Amityville II: The Possession is a rip-off of a few varied horror films, but its main steal is from movies like The Exorcist.  You can see bits and pieces of other films floating about here or there, but none of that matters in the end, as its all just for fun; and to the filmmakers, there was no prize to be won for originality.  While some people consider this to be the best of the series, I more or less see these films as being even with one another, and no clear winner to speak of.  To be more than fair, none of them ever even try to rise above mediocrity, so just enjoy what you’ve got and all should be well.  The film is presented in anamorphically enhanced widescreen, as well again as 1.33 X 1 pan & scan full screen versions.  The print is good, but is still outdone by Sanctuary’s release, which happens to be mastered just a tad better in my opinion. Strangely, this film lacks a 5.1 remix, and only includes the original 2.0 mono. Why they couldn’t be bothered acquiring one is beyond me, as they went to the trouble of having them for the first and third installments. This is yet another reason that many home theater owners should consider acquiring the Sanctuary version, which includes both 2.0 stereo and a 5.1 remix. As for extras, the only thing you’ll find is a theatrical trailer.


Amityville 3-D is more than just a little bit misleading, and I’m not too happy about their titling choice.  Despite having stickers placed on all copies, warning that the movie is not actually in 3-D, there will still doubtlessly be those who are disappointed to find that the movie is presented flat, and only flat.  Why they couldn’t have simply released it under the title of Amityville 3: The Demon, as it is also known, is far beyond me.  While there were those disappointed with some aspects of the picture quality on both the flat and 3-D versions of the Sanctuary collector’s edition, it is noticeably worse here.  Since it was filmed using a 3-D process, lots of movement can come off as blurry and indescript.  It’s all right, but still doesn’t stack up, as it should. Like Part 2, this movie comes with both anamorphic widescreen and 1.33 X 1 full screen transfers.  Also like that disc, it includes only one audio mix, this time being a 5.1 remix with no original audio track included.  I was really disappointed here, and sadly, the only extra is a short trailer.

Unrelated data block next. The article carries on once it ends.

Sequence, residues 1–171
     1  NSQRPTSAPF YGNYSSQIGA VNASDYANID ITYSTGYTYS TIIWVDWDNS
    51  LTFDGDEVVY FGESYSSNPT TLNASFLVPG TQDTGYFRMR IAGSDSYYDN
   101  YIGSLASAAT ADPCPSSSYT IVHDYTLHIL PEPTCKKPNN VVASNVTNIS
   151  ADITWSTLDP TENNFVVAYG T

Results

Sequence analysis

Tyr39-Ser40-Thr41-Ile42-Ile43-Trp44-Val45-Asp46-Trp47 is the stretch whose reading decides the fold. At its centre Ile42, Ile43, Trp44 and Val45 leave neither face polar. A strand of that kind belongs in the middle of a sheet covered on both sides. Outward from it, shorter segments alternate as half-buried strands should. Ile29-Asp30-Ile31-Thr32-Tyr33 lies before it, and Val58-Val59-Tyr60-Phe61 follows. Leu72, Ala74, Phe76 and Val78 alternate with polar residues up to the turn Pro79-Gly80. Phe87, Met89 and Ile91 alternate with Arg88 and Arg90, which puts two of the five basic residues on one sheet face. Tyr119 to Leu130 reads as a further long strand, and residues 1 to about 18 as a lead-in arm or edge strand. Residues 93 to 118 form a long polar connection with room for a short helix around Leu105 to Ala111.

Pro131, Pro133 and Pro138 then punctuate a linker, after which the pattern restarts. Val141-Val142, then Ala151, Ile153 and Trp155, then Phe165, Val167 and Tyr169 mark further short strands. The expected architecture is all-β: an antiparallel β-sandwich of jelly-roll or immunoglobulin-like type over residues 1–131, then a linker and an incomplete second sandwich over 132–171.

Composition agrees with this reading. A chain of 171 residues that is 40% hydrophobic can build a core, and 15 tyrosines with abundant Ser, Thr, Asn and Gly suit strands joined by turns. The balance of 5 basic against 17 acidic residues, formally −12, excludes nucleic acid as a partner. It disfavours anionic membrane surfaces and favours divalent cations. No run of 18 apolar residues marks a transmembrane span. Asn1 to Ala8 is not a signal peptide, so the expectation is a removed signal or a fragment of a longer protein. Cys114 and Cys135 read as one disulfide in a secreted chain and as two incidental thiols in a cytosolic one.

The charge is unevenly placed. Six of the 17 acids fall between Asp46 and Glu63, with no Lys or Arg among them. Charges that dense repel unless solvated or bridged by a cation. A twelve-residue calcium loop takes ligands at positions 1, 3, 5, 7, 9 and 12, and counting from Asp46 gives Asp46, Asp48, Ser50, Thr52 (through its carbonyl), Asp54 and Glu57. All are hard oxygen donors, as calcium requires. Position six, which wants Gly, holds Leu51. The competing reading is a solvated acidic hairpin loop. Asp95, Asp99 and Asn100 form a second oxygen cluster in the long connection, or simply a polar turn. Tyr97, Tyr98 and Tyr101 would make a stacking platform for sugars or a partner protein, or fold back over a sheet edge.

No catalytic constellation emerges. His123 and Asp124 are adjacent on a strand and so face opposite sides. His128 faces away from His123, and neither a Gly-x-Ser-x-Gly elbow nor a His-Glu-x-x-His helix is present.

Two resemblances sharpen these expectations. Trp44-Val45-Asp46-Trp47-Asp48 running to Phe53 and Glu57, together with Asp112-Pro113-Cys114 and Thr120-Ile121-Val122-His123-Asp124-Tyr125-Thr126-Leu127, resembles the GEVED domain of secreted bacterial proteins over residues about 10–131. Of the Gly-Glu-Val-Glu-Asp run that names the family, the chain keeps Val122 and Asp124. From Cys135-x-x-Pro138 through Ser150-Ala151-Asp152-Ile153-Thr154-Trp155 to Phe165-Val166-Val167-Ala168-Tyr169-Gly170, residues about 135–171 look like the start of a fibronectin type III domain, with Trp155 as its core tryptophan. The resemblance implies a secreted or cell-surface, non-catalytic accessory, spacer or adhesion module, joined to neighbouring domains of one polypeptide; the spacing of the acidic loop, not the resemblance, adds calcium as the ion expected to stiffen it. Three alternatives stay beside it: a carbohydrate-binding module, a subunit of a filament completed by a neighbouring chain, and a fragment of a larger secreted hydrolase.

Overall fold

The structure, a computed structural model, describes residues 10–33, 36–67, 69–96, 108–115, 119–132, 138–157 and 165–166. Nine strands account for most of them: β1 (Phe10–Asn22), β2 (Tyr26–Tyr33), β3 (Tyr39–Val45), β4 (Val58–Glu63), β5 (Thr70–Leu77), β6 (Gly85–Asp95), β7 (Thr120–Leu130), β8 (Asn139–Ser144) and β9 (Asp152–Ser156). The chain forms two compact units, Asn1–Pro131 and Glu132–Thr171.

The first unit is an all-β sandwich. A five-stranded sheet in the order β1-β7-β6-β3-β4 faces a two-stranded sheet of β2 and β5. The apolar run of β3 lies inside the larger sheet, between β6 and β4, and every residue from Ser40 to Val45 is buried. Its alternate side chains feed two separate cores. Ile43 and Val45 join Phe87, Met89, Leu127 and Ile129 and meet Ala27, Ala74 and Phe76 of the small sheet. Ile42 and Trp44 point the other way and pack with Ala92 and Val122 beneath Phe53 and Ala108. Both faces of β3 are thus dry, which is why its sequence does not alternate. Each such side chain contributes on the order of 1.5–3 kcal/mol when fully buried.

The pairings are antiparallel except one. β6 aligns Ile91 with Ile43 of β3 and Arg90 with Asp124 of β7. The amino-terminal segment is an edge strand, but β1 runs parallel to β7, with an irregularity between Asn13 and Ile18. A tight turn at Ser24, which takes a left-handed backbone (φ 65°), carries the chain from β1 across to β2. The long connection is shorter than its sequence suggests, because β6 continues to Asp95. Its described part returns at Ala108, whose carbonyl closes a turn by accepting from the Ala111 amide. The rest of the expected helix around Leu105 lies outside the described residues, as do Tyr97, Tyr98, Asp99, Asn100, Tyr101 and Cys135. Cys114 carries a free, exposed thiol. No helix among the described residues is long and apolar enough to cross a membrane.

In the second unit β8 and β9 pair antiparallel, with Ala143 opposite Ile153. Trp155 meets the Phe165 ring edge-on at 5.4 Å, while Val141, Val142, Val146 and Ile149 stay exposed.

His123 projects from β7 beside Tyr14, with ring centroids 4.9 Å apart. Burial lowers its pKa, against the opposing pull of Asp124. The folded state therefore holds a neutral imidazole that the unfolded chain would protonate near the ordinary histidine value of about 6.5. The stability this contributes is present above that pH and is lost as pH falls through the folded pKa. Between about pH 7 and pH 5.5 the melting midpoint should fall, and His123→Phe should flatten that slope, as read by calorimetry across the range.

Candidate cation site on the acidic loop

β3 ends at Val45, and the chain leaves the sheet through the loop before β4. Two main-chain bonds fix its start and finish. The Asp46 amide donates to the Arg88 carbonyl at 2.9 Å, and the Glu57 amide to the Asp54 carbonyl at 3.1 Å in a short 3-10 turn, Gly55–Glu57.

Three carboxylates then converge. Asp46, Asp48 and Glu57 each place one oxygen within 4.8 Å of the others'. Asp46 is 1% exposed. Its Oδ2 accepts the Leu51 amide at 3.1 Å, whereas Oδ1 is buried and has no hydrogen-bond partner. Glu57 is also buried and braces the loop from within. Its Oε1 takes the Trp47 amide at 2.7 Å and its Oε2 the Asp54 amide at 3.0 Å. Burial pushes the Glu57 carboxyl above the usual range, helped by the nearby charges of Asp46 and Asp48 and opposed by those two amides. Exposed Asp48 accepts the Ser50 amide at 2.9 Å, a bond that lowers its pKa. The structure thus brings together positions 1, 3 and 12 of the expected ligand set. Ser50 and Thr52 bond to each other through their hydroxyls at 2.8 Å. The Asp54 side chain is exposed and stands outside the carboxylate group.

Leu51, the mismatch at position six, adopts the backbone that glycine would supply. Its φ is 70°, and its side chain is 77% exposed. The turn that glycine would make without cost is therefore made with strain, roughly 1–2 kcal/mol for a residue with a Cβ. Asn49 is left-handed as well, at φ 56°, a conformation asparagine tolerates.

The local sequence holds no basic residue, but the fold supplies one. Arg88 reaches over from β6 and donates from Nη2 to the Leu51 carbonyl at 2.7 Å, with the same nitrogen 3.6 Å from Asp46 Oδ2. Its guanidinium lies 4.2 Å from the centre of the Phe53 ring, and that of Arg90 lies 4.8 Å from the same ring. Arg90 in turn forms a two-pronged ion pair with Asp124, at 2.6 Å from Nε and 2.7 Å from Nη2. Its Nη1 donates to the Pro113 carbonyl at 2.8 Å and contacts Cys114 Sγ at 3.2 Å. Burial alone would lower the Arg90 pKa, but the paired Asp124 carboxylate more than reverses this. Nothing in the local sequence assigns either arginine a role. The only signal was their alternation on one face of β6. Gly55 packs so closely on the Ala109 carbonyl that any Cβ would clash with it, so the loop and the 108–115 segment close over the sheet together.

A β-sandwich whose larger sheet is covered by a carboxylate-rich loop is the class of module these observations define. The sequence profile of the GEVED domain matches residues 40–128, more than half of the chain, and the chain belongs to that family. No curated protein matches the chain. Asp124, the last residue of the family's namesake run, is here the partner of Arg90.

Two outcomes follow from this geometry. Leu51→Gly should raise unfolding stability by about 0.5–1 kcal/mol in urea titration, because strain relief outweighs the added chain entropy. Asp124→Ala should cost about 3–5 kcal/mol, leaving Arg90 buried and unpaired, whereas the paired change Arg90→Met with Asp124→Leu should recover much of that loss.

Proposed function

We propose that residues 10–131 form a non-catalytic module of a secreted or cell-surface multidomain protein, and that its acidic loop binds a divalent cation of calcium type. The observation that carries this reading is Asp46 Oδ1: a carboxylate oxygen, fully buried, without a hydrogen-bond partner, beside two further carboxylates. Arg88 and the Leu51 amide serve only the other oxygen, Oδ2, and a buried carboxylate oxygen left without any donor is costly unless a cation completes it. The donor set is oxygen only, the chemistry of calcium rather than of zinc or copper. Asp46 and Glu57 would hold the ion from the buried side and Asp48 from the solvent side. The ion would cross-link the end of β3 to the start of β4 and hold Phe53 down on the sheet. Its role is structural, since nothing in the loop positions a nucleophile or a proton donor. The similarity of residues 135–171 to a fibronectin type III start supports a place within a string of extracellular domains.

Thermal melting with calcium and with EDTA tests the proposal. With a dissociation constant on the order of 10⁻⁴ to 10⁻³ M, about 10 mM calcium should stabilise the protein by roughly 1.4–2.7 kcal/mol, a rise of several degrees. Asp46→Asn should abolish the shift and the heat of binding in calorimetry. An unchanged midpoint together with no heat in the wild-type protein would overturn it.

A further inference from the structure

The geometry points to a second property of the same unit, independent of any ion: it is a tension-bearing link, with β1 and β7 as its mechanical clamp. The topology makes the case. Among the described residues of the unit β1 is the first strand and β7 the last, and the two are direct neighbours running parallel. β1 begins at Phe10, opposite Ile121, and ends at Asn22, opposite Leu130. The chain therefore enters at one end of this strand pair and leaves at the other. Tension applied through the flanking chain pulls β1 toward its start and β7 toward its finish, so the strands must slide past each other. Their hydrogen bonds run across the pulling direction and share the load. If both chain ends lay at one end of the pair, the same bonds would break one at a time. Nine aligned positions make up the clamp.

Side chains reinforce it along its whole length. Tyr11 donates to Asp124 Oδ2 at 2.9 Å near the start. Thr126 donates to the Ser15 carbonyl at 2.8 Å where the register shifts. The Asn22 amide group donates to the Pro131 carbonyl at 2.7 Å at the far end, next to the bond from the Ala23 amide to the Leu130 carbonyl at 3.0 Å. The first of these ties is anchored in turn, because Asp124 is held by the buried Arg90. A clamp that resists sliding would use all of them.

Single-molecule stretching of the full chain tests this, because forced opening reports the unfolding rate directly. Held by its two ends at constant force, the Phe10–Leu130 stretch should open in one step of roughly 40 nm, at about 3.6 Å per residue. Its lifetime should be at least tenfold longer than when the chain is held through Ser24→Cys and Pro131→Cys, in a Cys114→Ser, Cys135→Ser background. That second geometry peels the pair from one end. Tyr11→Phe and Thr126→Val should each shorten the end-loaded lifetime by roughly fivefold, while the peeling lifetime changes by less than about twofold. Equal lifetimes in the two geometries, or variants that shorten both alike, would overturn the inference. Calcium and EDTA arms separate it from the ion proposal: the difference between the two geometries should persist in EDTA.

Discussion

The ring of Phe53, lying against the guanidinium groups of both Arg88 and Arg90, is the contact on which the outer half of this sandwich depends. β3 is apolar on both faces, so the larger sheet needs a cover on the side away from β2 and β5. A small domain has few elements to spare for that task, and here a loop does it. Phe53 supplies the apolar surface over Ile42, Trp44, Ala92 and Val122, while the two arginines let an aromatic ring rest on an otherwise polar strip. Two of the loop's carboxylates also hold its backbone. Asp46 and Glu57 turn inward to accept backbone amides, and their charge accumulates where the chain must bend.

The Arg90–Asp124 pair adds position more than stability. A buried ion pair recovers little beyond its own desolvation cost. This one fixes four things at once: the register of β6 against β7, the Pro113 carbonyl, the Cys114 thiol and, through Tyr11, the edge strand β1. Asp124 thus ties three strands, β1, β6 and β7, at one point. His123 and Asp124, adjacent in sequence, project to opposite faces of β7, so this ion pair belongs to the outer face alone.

The special bonus disc, Amityville Confidential, features a couple of History Channel documentaries on the real-life Amityville house.  These can be fun, but be mindful that some of the information is repeated over the two of them.  I personally believe the curse or haunting to be a hoax, but those who feel otherwise might get more enjoyment from these features.  There is also a look into the new film seen on this disc, but it is pretty short, and those looking into this set just for the older films might find it next to useless.  It really only serves as a tie-in to the new feature, and a way of getting ticket sales up.  The first batch of this set even included a free pass to see the film in theaters as a boost to the overall box office; but those coupons have since expired, and MGM has begun issuing the newer editions without the passes included.


Overall, this set is a decent one, and one that I might have commended had better versions not already been introduced.  I didn’t find much use for the set-exclusive fourth disc, and the latter two films in here really pale when you place them alongside Sanctuary’s editions.  Those include such luxuries as each containing 5 lobby cards, thick and informative booklets, plus other extras.  The wisest choice as far as I see it: pick up the new MGM Region 1 Amityville Horror and compliment it with the collector’s editions of the sequels provided by Sanctuary.  You will need a player that supports PAL-NTSC conversion, but many newer players already feature this.  If interested, you can check online to make sure that yours is compatible.  For more information on those sets, please refer to their individual reviews found elsewhere on this site.



-   David Milchick